For wood sculptor Dan “Sully” Sullivan, seeing means perceiving the world via an altered perspective. Sullivan, who as a child was diagnosed with a form of macular degeneration, creates waterfowl sculpture from vintage wood and will be featured in two Woodson Art Museum programs on Saturday, November 6.
Crisp autumn air, when it arrives, signals a reminder. This time of year, before fall foliage turns into the annual yardwork project, is perfect for mini-excursions. Apple orchards, hikes and bike rides, and day-trip drives rise to the top of fall wish lists. As weather becomes more fickle, though, indoor venues with outdoor options are appealing and the Woodson Art Museum offers plenty to explore: Birds in Art 2021, the recently debuted Rooftop Sculpture Garden, Birding by the Book, and hands-on art making via Art Park, Art Kits, Art à la Carte, and Activity Guides are a few of the most recent highlights.
My thoughts these days focus on positives, despite the pandemic’s continued unknowns. At the top of my list is the power of birds. Just hours away from the start of previews of the 2021 Birds in Art exhibition, I can’t help but marvel at not only the Woodson Art Museum’s fortitude, but also the exhibition’s endurance . . . forty-six years strong.
Somehow, I feel like this vintage t-shirt found me and predicted my next move in life (literally).
As during the last nine years, a good chunk of my August calendar is dedicated to audio. Work on the Woodson Art Museum’s audio tour app content is a seasonal commitment to highlight each changing exhibition throughout the year, and the stakes are highest for Birds in Art.
I’ve been asked hundreds of times what my favorite artwork is in the Woodson Art Museum collection. My answer always centered on a question: do you have a favorite child? What I do have are memories, including my first impressions of a work and the stories I conceive in my mind while standing before a work; I’ve always had a great imagination. Many factors influence my opinion of each artwork.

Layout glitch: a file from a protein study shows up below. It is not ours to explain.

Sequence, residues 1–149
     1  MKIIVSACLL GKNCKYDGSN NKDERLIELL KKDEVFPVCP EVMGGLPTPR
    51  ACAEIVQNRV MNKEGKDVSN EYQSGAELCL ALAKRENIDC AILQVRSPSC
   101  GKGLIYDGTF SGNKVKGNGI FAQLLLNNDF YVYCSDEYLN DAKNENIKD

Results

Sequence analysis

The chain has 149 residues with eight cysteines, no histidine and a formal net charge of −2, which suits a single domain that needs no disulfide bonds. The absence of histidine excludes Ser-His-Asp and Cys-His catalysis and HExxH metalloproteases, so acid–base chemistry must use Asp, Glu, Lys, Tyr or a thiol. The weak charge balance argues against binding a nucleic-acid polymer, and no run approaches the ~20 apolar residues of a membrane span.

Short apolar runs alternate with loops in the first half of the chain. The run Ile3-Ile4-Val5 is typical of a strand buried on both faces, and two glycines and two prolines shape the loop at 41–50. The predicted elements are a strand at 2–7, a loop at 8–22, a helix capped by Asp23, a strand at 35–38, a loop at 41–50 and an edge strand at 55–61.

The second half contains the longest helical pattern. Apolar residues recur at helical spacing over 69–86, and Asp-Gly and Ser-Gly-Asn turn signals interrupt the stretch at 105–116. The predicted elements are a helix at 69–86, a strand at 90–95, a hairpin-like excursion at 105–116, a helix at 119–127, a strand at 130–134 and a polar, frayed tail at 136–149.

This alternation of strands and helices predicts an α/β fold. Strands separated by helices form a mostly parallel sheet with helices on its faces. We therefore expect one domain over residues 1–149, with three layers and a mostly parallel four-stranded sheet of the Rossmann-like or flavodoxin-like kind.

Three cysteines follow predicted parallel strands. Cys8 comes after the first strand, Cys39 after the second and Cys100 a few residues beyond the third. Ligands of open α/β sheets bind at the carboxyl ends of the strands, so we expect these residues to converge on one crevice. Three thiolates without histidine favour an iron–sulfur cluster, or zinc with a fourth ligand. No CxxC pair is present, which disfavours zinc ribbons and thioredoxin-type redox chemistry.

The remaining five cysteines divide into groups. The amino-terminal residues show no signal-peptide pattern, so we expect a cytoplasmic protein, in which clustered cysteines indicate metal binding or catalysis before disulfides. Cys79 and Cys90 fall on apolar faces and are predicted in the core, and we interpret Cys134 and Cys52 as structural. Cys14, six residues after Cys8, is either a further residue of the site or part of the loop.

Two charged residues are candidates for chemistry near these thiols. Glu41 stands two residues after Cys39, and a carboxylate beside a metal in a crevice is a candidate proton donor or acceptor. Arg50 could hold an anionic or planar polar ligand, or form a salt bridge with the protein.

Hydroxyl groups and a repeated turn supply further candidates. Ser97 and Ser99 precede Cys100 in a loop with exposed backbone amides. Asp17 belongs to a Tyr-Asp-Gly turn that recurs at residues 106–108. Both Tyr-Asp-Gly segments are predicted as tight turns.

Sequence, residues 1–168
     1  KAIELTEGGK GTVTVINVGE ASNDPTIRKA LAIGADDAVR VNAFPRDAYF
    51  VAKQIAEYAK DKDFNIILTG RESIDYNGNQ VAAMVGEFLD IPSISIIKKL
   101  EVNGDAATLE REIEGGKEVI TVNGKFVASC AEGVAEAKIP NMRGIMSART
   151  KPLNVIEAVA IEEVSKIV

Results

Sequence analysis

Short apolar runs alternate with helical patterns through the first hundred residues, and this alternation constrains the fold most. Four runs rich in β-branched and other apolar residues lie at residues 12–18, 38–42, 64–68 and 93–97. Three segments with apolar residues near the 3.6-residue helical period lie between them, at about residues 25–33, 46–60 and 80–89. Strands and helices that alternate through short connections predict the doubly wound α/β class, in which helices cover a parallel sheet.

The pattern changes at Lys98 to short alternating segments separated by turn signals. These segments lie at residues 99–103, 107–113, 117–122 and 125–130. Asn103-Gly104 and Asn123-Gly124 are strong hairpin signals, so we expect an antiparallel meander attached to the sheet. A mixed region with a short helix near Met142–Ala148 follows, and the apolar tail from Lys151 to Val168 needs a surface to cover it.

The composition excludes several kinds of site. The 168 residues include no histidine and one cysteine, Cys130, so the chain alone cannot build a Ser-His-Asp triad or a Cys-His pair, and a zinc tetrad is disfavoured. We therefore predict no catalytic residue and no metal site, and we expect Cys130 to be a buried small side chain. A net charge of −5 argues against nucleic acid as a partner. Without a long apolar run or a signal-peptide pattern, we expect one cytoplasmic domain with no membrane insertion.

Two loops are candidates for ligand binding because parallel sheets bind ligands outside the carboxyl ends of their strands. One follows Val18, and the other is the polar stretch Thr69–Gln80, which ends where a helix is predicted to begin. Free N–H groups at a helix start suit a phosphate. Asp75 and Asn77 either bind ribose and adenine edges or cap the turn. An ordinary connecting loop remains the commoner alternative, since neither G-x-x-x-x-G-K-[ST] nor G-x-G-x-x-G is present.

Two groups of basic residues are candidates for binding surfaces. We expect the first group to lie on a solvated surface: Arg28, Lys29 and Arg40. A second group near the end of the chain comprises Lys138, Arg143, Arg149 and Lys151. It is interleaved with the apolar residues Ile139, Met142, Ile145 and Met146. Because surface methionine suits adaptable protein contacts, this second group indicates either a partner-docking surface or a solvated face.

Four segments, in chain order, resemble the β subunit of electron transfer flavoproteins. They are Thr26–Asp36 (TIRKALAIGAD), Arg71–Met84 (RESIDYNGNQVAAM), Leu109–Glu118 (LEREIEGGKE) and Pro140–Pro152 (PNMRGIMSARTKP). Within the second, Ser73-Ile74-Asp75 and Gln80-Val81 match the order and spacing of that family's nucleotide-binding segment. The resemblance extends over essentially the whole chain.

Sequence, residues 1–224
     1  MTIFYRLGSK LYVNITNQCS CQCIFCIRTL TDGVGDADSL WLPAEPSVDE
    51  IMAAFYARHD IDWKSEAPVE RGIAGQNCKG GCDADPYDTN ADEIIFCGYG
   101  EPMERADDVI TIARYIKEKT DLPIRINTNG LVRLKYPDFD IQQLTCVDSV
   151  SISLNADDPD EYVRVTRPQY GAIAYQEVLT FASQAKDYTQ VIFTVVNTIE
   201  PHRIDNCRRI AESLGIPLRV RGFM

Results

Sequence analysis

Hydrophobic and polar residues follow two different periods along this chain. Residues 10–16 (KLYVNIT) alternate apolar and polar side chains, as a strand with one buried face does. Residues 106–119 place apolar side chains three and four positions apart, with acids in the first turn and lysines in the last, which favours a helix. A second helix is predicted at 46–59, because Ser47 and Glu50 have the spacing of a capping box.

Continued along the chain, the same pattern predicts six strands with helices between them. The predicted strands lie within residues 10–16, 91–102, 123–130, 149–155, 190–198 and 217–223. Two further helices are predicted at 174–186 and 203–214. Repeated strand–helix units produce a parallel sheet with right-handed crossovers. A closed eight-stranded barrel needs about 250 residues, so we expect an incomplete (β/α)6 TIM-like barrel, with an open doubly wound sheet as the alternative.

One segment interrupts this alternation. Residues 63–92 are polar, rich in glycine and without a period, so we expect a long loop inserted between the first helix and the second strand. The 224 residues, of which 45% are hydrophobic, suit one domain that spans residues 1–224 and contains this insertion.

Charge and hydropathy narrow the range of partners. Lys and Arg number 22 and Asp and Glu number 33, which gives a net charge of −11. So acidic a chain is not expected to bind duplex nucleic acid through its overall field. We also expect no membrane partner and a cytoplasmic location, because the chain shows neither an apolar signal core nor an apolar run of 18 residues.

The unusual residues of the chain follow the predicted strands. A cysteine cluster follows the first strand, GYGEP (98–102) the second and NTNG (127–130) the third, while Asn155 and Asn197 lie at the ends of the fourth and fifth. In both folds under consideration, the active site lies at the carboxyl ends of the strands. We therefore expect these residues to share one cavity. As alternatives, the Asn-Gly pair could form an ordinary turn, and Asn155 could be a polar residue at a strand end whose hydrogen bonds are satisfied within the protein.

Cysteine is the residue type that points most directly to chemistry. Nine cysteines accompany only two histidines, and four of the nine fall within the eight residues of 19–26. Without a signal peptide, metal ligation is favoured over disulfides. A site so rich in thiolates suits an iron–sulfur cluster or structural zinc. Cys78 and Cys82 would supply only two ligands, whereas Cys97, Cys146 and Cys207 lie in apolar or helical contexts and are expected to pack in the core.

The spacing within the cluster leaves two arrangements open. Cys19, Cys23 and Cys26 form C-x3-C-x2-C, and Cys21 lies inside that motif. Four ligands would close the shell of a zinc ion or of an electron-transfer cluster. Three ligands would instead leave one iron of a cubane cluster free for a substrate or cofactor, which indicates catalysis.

Over a stellar forty-three-year Woodson Art Museum career, Jane Weinke has traveled far and wide, happily returning to Wausau, the community she has always called home. Jane will retire in October, leaving an extraordinary legacy. The growth and quality of the Museum’s collection is a tribute to Jane’s professionalism, diligence, and commitment to our vision to set the standard for art of the avian world.
The roll out (pun intended and regretted) of the Woodson Art Museum’s Art à la Carte offering has been enthusiastically embraced by visitors, however, staff envisioned more. For curator of exhibitions Shannon Pueschner, facilities manager Dave Jones, and me, the Art à la Carte cart needed some improvements – better yet, a custom build.
For over a year now, the Woodson Art Museum has been teasing the opening of a rooftop sculpture garden atop the Museum’s 2011 addition.
Earlier this month, sculptor Sarah FitzSimons pulled her car into the Woodson Art Museum’s loading-dock parking lot, safely transporting the Pacific to the Midwest. The ocean, folded and wrapped in on itself, fit in the trunk, where it waited patiently to stretch and spill out across the gallery floor.